- The head of Cement maker East African Portland Cement Company (EAPCC), Stephen Nthei, has defied a regulatory notice from the board announcing his ouster amid a directors’ fallout over the sale of land parcels worth Sh10 billion.
- The State-run cement firm Wednesday issued a statement replacing Mr Nthei as the acting managing director with Daniel Kiprono, the latest of hostile exits of CEOs in the loss-making firms over the past two decades.
The head of Cement maker East African Portland Cement Company (EAPCC), Stephen Nthei, has defied a regulatory notice from the board announcing his ouster amid a directors’ fallout over the sale of land parcels worth Sh10 billion.
The State-run cement firm Wednesday issued a statement replacing Mr Nthei as the acting managing director with Daniel Kiprono, the latest of hostile exits of CEOs in the loss-making firms over the past two decades.
“The board of the company wishes to inform the shareholders that Mr Daniel Kiprono has been appointed as the acting managing director of the company with effect from February 8, 2021,” EAPCC said in the notice attributed to the board.
Board chairman Edwin Kinyua didn’t respond to phone calls and text messages inquiring about the executive change.
But Mr Nthei maintained he remained the acting CEO and would make a return upon the end of his 40-day annual leave, setting stage for a battle with the board.
His replacement by Mr Kiprono, head of internal audit at EAPCC, comes in wake of differences on the board over the sale 2,000 acres of prime but idle land in Mavoko, Machakos County.
Sources close to EAPCC’s board reckon Mr Nthei favoured the sale of the land done in partnership with KCB Group, which the cement maker owes Sh6.2 billion.
But a section of directors are fronting for a Chinese investor and a Somalia national to acquire the land for Sh8 billion, triggering the boardroom fallout.
Mr Nthei acknowledged the differences over the land sale, but declined to comment on whether the property deal was behind his ouster.
“I am waiting for my leave to end in 40 days and I will return to office. If someone tries to touch my contract there will be resistance because I have done nothing to warrant an ouster,” Mr Nthei told the Business Daily in a phone interview.
His contract, he said, ends in September 2022. A notice sent February 5 by EAPCC’s head of human resources to the cement maker’s workers indicated Mr Nthei would be on annual leave from Monday.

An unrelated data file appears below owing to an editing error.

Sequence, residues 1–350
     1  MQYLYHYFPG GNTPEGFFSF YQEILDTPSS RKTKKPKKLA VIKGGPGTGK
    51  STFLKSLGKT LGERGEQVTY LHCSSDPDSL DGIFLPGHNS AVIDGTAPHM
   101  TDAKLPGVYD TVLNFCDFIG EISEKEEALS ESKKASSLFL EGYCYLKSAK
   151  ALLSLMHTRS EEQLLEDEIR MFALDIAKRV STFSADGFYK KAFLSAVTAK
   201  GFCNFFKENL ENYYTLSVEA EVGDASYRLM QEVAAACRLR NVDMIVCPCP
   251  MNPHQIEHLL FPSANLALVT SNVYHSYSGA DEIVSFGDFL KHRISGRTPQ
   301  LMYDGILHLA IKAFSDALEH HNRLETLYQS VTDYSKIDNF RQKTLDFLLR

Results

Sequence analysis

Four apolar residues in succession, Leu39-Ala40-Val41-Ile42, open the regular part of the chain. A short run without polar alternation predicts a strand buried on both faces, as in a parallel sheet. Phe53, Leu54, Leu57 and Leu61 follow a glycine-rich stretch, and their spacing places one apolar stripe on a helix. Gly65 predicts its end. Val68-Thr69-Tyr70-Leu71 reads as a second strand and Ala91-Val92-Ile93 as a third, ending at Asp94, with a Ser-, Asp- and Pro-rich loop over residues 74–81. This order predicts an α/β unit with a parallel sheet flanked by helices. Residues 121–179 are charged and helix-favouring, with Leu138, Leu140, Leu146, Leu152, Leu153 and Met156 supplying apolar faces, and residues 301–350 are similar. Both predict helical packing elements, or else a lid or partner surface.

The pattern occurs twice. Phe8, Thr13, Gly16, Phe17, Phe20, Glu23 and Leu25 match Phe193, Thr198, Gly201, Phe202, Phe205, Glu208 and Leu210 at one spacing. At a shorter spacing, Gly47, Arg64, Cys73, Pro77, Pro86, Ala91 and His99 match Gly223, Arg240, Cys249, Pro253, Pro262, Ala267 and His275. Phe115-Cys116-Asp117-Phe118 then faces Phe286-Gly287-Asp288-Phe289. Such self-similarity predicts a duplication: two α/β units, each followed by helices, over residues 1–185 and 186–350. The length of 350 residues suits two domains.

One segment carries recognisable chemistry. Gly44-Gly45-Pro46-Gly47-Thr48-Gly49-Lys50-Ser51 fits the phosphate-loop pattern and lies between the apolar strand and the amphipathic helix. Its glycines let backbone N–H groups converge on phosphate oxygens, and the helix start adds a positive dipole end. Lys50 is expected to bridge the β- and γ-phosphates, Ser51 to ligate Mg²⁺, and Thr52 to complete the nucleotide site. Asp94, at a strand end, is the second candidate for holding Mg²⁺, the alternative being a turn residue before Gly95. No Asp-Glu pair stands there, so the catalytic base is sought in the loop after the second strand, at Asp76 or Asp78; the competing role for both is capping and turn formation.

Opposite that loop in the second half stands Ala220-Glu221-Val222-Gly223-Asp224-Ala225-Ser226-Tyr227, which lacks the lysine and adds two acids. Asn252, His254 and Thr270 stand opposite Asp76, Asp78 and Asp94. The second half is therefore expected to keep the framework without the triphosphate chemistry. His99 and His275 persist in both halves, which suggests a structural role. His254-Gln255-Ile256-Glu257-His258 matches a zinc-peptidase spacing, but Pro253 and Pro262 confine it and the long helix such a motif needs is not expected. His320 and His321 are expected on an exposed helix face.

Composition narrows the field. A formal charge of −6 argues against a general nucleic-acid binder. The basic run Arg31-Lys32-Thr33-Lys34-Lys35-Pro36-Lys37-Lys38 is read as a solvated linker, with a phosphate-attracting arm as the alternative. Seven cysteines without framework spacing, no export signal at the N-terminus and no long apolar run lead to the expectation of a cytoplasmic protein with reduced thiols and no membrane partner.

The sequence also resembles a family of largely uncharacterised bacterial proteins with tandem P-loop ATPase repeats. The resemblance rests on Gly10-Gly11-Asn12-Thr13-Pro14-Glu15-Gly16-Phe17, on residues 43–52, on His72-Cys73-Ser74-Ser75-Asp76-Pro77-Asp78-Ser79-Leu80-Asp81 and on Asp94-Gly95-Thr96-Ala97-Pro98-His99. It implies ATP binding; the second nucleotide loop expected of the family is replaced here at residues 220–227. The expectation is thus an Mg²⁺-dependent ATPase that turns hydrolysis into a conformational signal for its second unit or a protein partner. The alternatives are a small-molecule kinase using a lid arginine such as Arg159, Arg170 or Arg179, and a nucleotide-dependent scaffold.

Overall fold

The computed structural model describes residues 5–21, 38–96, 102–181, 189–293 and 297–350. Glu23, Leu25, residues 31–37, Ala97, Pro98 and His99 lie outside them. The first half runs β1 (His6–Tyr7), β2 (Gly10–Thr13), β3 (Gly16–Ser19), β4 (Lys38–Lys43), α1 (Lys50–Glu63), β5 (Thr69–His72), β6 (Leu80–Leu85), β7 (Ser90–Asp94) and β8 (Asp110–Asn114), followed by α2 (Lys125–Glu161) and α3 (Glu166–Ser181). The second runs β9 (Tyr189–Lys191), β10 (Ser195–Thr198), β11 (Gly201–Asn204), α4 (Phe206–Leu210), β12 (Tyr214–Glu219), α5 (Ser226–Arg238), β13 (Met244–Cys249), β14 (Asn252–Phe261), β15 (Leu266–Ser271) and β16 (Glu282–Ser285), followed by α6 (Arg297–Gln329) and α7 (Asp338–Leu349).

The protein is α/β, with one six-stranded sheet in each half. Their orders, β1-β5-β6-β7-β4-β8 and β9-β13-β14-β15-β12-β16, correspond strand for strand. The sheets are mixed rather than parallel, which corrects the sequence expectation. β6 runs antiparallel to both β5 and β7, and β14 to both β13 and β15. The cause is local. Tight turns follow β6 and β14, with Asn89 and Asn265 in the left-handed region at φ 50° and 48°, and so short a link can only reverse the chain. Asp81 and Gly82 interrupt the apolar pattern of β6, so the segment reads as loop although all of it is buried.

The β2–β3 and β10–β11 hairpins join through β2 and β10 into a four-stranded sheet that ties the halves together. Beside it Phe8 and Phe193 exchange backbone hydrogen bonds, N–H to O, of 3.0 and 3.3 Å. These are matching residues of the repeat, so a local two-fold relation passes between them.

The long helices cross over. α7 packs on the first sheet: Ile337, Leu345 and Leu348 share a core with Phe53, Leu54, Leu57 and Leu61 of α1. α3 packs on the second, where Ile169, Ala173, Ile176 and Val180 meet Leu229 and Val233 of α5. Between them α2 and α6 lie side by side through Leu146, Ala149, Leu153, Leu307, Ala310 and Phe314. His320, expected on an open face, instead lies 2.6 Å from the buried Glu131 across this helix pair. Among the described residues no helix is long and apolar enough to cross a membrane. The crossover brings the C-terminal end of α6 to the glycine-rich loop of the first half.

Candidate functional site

The boardroom fallout comes in the middle of the sale of the two land parcels to generate more than the Sh6.2 billion needed to clear the KCB loan.
The extra money will be used for operations and upgrading of the firm’s ageing plant. KCB had been mandated by shareholders at an extraordinary general meeting (EGM) on September 27, 2019 to shepherd the sale process.
EAPCC has struggled to grow sales in the face of growing competition and an ageing plant, making it difficult for it to meet its obligations, including loan repayments.
The firm has had the highest turnover of CEOs among those listed on the Nairobi bourse, with all but one of the 11 over the last 18 years leaving following boardroom intrigues.
Past chief executives include John Nyambok, Zakayo ole Mapelu, Titus Barmasai, Emmanuel Biria, Simon Ole Nkeri and Kephar Tande.
Portland will cede another 4,256 acres to the government for free because it has failed to use it for agricultural use in line with the terms of an allocation deal inked in 1960.
The firm informed shareholders that the State had agreed to evict squatters from its property under the land purchase deal.
The cement firm’s idle land spans over 12,000 acres, but thousands of squatters are currently occupying a significant part of the property.
Portland is 52 percent owned by the government, LafargeHolcim (41.7 percent), and the National Social Security Fund (27 percent). Other shareholders at the Nairobi Securities Exchange have a six percent holding.
In 2018, EAPCC sold 900 acres at Sh5.2 billion to Kenya Railway Corporation for construction of an inland port currently under way.
The company also plans to refurbish the current dilapidated plant and put up a fully integrated cement milling line at a cost of Sh28 billion. The new production line will be built in phases.